- Associated Press - Saturday, June 27, 2015

TARPON SPRINGS, Fla. (AP) - Death comes to everyone, even those - like Raymond Grady Stansel Jr. - who have been dead for 40 years.

His first passing was by far the more newsworthy.

It was 1974, and Florida’s statewide grand jury had indicted Stansel for smuggling more than 12 tons of marijuana. Prosecutors described Stansel, then a 37-year-old fisherman and charter boat captain out of Tarpon Springs, as a “soldier of fortune.”

When arrested that June, he had $25,000 in cash, receipts for two $25,000 Rolex watches, signed blank tourist visas that would allow him into Nicaragua at any time, unused checks on a Swiss bank account, flags from six countries and a passport indicating he had been in 12 in the preceding 30 days.

Stansel posted bail with a $500,000 cashier’s check, surrendered his U.S. passport and left the Hillsborough County Jail to await a trial scheduled for Jan. 5, 1975, in Daytona Beach.

On the morning of Jan. 5, Stansel’s attorney announced that he had disappeared in a scuba diving accident off Roatan, Honduras, on New Year’s Eve. His body had not been recovered but airplanes were searching the shoreline.

Few believed the story. On the other hand, no one could find him.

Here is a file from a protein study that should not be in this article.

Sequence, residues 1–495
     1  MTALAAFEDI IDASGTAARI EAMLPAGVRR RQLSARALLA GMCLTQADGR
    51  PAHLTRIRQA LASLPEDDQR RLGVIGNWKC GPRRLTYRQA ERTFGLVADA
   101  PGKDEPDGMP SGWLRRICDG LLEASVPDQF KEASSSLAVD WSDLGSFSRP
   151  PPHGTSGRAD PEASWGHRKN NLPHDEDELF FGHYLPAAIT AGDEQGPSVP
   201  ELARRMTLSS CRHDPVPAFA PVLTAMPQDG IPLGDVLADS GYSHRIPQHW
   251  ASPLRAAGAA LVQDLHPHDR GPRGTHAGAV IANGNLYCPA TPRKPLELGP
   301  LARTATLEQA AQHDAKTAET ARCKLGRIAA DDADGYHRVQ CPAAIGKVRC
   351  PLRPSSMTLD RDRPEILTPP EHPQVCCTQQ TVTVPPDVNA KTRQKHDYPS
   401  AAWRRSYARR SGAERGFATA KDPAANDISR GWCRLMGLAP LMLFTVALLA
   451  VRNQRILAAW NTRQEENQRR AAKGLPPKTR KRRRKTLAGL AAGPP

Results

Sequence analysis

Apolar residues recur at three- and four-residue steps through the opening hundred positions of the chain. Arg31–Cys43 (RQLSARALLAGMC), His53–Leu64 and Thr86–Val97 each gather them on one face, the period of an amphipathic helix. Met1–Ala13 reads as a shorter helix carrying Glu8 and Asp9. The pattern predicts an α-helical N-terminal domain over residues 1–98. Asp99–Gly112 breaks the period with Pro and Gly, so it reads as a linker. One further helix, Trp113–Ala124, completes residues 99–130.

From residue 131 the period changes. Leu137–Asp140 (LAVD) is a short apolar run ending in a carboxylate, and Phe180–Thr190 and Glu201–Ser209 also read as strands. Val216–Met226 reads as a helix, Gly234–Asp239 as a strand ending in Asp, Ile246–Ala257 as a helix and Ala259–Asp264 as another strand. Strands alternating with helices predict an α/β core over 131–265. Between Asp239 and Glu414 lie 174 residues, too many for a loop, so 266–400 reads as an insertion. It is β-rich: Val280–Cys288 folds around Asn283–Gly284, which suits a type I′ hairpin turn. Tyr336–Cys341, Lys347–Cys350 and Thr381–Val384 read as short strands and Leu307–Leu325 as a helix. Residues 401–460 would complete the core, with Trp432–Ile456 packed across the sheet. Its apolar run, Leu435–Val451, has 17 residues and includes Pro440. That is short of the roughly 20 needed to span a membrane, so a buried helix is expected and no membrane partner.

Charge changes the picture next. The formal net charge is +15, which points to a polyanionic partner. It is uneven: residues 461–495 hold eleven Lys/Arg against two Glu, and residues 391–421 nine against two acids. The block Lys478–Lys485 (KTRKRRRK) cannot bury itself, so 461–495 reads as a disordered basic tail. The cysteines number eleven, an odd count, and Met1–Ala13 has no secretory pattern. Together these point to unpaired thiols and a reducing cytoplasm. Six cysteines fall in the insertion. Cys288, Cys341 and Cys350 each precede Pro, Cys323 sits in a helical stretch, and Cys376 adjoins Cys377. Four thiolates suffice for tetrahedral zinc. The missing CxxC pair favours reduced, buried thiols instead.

In 1976, officials in Honduras reported capturing Stansel. The Florida Department of Law Enforcement announced he was in custody and sent officers to pick him up. All they found was an empty cell.

Years passed. Law enforcement officials heard stories that Stansel was smuggling drugs in Honduras, Panama or some other port in Central or South America. Pinellas sheriff’s deputies said he was a frequent visitor to Tarpon Springs and St. Petersburg.

“It’s like chasing a phantom,” said Lt. Michael Hawkins, head of the Pinellas sheriff’s vice unit in the 1980s. “But there is no doubt he’s alive, and there is no doubt he frequents Pinellas County.”

As it turns out, Hawkins was half right.

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Stansel was a poster boy for Florida’s ascendancy in the 1970s as a prime destination for pot smugglers.

A key date, headline-wise, was March 5, 1973, with the seizure of nine tons of marijuana brought ashore on the Steinhatchee River in Dixie County. Officials arrested seven men from St. Petersburg Beach and Cortez. Only later did they learn that the nine tons was just half the load. The smugglers did not have enough trucks to get it all out of the area. In that era, smugglers, sometimes with the help of local officials, used semitrailer trucks to haul loads of marijuana from remote shores on the gulf to big cities.

Sometimes, the smugglers got caught.

David L. McGee, a Pensacola lawyer and for years the prosecutor in charge of a federal drug task force in North Florida, said a number of the accused would offer up sightings of Stansel in an effort to get their charges reduced.

“It was like sightings of Elvis or Big Foot,” McGee said.

And about as accurate.

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The story in the May 28, 2015, edition of the Cairns (Australia) Post reads: